For this assignment, we want you to interview two people that you know. The idea is that you select the most liberal person that you know and the most conservative person that you know.

Once you have selected these two people, we want you to interview them and ask them questions pertaining the following topics:

  1. News consumption. What news outlets do they prefer? How regularly do they get news from their preferred sources? Which news outlets do they dislike? Why do they favor some over others? In a slightly different vein, how much news do they get from people in their social networks? Do they find the news forwarded to them by those people to be useful?
  2. Political ideology. Ask them to explain to you some of their positions on political issues. What political parties or groups do they like and dislike. Why?
  3. Media bias. Ask them about possible media bias in the United States? If they think the media are indeed biased, in what direction? What evidence can they provide you of this bias they perceive? Remember to bring up the media they mentioned in topic 1: Are these also biased? Why or why not? Do they think media bias is inevitable and necessary, or do they think media neutrality is attainable, desired and materialized in some outlets?

This list of questions is illustrative of the type of questions you can ask, but feel free to go beyond these questions to add your own.

Some rules for the interviews:

  1. For this assignment you cannot interview other J201 students.
  2. You will identify your interviewees in the essay and tell us how they are related to you.
  3. Take careful notes, or record your interviews. Submit your notes or interview transcripts as an appendix to your assignment.

Once you have completed your interviews, we want you to revisit the materials discussed in class regarding the hostile media perception. Go over your class notes readings, then we invite you to do some additional research on possible media bias and the hostile media phenomenon.

Some additional sources that you might find useful include:

1) Pew Research Center

  1. Pew Research Center

3) Media bias in presidential elections: a meta-analysis

4) Elite Cues and Media Bias in Presidential Campaigns

5) What Media Bias?

(The statistics in some of these articles are complex, but focus on the findings rather than on the tests).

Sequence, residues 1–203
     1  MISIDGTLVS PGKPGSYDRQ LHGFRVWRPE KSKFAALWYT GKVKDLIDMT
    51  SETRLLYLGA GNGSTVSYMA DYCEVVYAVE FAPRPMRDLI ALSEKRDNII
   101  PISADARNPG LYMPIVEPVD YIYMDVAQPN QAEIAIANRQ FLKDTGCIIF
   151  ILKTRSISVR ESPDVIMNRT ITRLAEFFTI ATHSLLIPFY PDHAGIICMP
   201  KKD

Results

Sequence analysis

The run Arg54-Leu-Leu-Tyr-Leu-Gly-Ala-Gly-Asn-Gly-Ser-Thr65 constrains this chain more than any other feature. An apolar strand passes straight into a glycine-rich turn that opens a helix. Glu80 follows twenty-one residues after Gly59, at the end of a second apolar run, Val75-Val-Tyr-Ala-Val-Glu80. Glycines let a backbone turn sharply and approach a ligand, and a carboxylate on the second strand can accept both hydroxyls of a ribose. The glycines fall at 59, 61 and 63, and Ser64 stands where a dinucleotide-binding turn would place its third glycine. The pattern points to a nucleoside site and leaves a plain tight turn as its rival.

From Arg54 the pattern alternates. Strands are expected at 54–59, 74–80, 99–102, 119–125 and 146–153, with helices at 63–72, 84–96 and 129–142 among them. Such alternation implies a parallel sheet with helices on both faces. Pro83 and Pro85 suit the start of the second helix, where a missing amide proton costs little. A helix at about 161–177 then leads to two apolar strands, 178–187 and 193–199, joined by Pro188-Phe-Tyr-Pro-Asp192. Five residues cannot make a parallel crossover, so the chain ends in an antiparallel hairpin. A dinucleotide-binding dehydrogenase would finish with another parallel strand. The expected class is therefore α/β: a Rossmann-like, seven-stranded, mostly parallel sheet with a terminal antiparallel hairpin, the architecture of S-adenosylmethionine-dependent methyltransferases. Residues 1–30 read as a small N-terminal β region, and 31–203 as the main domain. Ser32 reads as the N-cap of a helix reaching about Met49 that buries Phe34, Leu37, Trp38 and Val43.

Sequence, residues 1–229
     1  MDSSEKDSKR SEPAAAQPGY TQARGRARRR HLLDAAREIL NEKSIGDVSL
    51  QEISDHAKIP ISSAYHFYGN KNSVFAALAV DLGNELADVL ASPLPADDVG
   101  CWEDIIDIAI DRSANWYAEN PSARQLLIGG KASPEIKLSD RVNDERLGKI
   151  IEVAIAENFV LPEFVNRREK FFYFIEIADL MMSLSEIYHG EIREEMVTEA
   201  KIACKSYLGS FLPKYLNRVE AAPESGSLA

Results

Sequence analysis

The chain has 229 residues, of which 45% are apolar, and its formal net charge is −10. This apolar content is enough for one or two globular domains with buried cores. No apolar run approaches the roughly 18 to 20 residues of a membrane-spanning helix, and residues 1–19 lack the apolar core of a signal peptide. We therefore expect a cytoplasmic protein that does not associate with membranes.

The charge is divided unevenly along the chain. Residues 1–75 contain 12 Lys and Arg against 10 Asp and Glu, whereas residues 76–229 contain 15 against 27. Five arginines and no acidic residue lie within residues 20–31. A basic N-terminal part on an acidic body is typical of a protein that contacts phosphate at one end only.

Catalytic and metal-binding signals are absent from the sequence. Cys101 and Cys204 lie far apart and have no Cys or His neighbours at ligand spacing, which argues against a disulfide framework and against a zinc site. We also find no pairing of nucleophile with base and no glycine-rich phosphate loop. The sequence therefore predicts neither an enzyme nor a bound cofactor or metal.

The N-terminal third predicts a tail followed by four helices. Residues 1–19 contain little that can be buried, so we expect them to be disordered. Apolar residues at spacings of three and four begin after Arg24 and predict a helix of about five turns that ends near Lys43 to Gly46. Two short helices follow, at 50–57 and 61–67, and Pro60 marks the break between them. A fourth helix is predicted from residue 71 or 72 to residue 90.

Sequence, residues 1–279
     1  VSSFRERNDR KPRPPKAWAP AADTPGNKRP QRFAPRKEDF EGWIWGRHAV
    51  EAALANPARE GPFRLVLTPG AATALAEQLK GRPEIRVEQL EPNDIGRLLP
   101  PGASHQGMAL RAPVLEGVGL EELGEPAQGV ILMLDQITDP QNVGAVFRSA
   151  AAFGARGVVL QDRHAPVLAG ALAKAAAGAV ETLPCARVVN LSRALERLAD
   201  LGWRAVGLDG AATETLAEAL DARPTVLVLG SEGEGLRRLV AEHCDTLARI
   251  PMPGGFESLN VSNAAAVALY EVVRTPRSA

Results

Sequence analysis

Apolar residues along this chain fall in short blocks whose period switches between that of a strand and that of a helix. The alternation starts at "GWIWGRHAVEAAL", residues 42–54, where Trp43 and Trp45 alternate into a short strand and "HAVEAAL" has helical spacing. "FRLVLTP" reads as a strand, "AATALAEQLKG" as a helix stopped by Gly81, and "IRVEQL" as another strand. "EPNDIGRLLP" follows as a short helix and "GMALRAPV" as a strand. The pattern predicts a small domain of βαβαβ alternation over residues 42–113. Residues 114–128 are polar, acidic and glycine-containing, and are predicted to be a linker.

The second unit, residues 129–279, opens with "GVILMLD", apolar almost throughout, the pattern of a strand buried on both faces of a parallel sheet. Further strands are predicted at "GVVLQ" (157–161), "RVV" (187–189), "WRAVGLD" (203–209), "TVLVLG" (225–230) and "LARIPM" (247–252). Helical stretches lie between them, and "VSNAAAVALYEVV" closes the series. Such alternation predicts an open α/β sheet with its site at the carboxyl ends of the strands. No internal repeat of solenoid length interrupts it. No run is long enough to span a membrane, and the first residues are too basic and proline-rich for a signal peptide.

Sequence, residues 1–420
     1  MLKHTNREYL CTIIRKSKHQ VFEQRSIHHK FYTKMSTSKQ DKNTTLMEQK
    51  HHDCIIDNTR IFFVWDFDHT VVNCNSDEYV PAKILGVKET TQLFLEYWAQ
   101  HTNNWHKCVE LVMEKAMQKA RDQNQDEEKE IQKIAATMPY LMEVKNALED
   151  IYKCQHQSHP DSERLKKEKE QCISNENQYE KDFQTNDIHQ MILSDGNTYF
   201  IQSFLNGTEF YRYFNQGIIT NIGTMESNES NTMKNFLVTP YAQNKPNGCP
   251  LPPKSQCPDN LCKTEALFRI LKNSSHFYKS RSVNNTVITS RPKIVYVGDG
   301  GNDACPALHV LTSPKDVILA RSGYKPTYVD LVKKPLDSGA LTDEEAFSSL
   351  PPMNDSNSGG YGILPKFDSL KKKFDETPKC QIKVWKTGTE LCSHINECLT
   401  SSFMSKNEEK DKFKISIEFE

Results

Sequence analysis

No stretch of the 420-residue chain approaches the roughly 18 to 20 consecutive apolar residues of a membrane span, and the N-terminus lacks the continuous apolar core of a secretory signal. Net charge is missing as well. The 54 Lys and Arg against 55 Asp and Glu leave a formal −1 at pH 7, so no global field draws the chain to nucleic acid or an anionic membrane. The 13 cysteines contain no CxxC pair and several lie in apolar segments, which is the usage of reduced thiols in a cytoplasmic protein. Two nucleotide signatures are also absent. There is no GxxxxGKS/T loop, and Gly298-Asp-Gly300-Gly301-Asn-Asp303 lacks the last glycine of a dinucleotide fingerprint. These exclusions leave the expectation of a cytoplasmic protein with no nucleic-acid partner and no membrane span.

Now you are ready to start writing your first Media Analysis Essay!

Your job is to use course concepts (hostile media phenomenon, biased public, relative hostile media) and at least two authoritative sources (from the additional readings suggested above, or others your find on your own) to answer the following big question: Are media in the United States politically biased, or is it that the public perceives them as biased?

Start by stating your thesis. Then explain what you mean by political bias and how you’re defining the media, and move on to develop the arguments that support your thesis. Use your interviews, alongside the research material, to support your arguments regarding the public’s perception of media. Finalize with your conclusion on the big question posed and elaborating on the implications for society of your conclusions.

Use the interviews to support arguments you are making about perceptions of media content. Use studies that actually study content to support arguments about actual bias in media.

Media Analysis Essay – General Rules

You will write a1500-word (five-page, double-spaced) papers, tied to the class readings and requiring some outside investigation. This paper should still have the three basic components of an academic essay:

  1. An introduction, which clearly states a thesis (please underline that thesis).
  2. A body, which develops the thesis, with one argument per paragraph, and several points of evidence supporting each argument.
  3. A conclusion which not only restates the thesis, but leaves the reader with something more, such as speculation on the broader implications of the thesis.

Use APA citation style throughout.

The first draft of the essay is due via by 9:55 a.m., OCTOBER 25. Before this time, you should also email it to the peer reviewers assigned to you by your TA.

You will receive feedback from your TA, provide and receive peer reviews during Week 9, and then submit via a final version of your paper by 9:55 a.m., NOVEMBER 10.